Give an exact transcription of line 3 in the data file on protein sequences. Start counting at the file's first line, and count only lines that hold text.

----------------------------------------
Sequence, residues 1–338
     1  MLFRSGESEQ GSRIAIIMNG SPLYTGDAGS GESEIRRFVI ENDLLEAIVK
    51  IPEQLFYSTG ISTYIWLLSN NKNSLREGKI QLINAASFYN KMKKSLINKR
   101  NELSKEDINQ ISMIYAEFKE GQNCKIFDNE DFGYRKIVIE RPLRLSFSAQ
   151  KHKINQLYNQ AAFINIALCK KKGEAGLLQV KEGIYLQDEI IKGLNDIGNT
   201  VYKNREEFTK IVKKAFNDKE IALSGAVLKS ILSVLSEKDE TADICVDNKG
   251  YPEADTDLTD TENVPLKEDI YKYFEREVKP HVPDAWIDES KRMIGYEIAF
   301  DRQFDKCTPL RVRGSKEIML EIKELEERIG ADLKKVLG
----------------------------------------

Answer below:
    51  IPEQLFYSTG ISTYIWLLSN NKNSLREGKI QLINAASFYN KMKKSLINKR